Even without the bugs, though, it's not that good of a game. Combat system did not inspire me, I did not feel the need to change combos that often besides the fight with Taskmaster early in the game. It was too grindy for me, although it may be somewhat more fun with coop. Some design elements here and there were questionable, for example through-out the bases there were these switches, that were supposedly used by workers on those bases, but the way to interact with them was to hit them 3 times: why would workers need such a way to interact with their machines? This was stupid even for comics-based world. Let alone that in some instance they stopped working for me until checkpoint reload.

The story and missions around that story were also mostly bland, and it was clear that things were designed with idea of online multiplayer coming before anything else. For example the way heroes stopped in place during certain cutscenes, including those, that were not movies. The maps were large, which could be fun, but they were large only for the sake of prolonging your journey to the final destination, rather than for the sake of you actually exploring those maps. I mean, design of those maps is ok in general, but you are pushed into exploration through random markers in your HUD, that move you away from the main mission, and not  through some peculiar structures in the distance.

At the same time, the game did have some good moments, when I would say I was immersed in the situation. Even the opening sequence, when you play as Kamala and explore the A-Day convention. At first, I was skeptical about it, since it's just walking around, when this is supposed to be an action game, but it did help to get acquainted with Kamala, and it reminded of those short intermissions in Mafia, where you drove some passengers around or walked a girl home. It built an atmosphere.

There were also some really good chase scenes, which felt really intense and looked awesome. But even they were spoiled by camera that took away your control at specific moments, forcing you to readjust its position, or a very obnoxious rumble from the gamepad. Oh, it's horrible, since almost every little interaction causes vibration, and sometimes you get a slight vibration when there is seemingly nothing trigger it, except your character maybe touching some junk on the ground during a turn. But those chase scenes were so great, that it did not matter.

I believe that this game needed more of that. Because that's what made Marvel movies so popular initially and why DC tried to copy them. I remember I went to 1st Iron-man movie with my mom. She did not care for Marvel or super heroes in general, but for some reason went with with me, and she really enjoyed the movie. As she explained it, she was able to turn off her brain and just watch the crazy (yet mostly logical) things happening on the screen. Yet it was not just action, there were emotions there as well, there was character development. Somehow recent movies do not have that, or at least they do not balance things properly.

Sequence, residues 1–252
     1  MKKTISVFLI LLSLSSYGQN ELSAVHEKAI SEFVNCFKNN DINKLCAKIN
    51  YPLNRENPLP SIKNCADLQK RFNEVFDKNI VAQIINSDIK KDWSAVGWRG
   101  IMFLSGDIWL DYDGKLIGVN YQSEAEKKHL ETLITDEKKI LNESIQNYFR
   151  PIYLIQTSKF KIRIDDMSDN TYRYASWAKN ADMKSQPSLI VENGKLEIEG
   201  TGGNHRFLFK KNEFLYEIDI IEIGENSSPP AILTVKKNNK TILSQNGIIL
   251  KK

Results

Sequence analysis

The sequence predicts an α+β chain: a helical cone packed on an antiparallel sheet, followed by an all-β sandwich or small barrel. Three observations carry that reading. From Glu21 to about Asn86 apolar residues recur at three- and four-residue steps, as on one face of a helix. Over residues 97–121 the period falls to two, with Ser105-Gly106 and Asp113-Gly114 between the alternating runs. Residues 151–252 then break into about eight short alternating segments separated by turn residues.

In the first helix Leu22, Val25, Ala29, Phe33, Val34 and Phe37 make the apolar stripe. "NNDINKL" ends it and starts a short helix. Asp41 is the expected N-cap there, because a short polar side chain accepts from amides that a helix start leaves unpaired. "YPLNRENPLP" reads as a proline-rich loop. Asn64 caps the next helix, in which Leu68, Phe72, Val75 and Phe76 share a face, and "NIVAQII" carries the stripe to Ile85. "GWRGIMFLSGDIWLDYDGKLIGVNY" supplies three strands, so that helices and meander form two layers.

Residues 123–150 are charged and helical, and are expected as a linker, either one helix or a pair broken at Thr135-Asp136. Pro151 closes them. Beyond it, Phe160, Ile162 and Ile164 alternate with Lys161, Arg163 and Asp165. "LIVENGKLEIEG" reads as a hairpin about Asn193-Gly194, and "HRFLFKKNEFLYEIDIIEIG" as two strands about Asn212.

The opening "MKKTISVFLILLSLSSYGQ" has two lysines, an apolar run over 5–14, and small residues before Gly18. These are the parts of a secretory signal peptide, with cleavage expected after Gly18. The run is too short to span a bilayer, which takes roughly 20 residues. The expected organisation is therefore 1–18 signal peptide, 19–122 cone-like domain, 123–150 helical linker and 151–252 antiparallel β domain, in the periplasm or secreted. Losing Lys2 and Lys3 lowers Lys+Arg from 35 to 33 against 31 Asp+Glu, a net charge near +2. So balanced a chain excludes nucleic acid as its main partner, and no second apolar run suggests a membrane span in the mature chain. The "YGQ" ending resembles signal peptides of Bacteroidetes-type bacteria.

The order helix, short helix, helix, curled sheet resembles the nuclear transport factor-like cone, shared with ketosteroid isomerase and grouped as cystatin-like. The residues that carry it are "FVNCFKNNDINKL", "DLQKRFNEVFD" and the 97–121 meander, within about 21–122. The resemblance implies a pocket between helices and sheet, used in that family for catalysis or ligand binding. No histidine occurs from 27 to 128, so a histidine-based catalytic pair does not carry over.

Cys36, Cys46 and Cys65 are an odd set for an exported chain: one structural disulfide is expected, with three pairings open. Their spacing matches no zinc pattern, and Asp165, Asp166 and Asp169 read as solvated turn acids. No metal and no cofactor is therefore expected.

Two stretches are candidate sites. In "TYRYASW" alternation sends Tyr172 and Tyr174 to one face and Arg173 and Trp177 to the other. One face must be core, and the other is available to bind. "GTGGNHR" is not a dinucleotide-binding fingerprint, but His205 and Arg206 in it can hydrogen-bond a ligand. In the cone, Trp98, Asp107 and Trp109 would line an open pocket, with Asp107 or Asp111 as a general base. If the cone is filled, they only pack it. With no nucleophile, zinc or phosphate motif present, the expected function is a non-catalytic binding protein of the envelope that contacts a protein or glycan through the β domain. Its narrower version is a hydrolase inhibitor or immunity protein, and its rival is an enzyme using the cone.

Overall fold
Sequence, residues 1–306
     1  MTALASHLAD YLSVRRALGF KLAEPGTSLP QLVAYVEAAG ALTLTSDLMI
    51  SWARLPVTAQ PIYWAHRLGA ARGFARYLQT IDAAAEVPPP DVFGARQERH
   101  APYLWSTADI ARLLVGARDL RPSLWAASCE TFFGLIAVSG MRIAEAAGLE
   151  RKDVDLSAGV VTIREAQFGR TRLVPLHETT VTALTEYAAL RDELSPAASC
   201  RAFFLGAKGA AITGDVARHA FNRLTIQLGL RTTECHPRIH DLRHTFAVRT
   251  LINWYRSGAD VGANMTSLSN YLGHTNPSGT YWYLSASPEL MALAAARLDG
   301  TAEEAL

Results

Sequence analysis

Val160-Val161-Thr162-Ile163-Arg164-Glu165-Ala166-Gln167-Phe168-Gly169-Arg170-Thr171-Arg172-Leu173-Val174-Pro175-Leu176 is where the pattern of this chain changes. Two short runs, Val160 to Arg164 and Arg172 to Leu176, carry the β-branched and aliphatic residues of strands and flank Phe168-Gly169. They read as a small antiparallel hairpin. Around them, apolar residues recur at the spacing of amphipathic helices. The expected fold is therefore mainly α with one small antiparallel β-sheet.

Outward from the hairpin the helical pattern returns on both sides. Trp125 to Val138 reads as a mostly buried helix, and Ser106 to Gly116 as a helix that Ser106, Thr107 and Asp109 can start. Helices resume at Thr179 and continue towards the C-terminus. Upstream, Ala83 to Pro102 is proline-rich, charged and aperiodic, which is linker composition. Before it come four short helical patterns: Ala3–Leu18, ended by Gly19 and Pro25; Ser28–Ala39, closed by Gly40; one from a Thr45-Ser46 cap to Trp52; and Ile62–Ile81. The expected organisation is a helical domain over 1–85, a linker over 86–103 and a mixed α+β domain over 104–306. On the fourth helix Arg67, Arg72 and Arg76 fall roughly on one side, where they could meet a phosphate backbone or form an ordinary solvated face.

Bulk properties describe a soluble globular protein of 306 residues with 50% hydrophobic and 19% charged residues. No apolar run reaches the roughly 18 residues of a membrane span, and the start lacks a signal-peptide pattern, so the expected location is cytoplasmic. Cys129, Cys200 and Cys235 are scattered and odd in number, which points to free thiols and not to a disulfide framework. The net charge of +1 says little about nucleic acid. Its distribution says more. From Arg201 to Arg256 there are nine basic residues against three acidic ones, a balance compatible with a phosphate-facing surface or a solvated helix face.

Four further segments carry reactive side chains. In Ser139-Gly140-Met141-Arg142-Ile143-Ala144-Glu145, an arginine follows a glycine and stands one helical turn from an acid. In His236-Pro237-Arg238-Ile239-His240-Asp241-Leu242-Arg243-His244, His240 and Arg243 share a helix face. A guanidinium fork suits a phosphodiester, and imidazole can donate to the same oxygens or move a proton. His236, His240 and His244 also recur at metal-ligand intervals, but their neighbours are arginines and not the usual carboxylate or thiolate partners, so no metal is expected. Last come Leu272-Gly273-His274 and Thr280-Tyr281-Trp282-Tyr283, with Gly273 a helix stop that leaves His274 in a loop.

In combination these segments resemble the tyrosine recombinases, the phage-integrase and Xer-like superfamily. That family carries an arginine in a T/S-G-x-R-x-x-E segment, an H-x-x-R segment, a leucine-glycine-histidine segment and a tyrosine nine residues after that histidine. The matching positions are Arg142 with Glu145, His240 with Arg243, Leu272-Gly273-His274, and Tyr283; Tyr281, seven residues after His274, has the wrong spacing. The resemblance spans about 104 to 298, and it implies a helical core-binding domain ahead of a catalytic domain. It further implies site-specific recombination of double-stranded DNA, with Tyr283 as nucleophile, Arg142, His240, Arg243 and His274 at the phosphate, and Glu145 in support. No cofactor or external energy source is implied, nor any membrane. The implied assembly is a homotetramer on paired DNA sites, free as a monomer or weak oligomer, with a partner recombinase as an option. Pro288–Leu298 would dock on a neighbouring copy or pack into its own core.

If this game was made with focus on intense chases fighting scenes, high-stakes and high-reward moments instead of finding ways to keep people in game to spend more money - it could have been a good game even with its simplistic plotlines. But alas, it did not. Even though I played beta and did not have high expectations, I was still very disappointed and frustrated, to an extent that I would call this one of the worst gaming experience in recent years. Yes, worse than New Tales from the Borderlands, which was just cringe all over.
Posted October 23.
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39 people found this review helpful
1 person found this review funny
5.3 hrs on record
It started really good, but that did not last for me, unfortunately.

First of all, a bit of context: I have not played "Breath of The Wild", which inspired this game, but I did play "Genshin Impact", which is supposed to be (and is) quite similar gameplay wise. This means, that some of my complaints may be intrinsic to this type of games in general, not this game specifically. I also finished "Assassin's Creed Odyssey", which is somewhat similar both in terms of open-world and general Greek mythology theme.

The prologue of the game felt quite nice. There was a lot of humor, but it was well-paced and [usually] well-placed. The way you were introduced to mechanics through the story was good, even though the "mystery" of the first quest chain ended up to be a bit contrived. The quest chain also did not feel as if it was forcing you to just follow it, providing you enough time to wander about, if you wanted. The combat was simple, but fun, although I do not understand why most of the monsters were flying away from me at high speeds almost on every kill: that felt out of place. It was quite a good experience overall. But then I reached the point, when the game truly became open-world, and everything collapsed.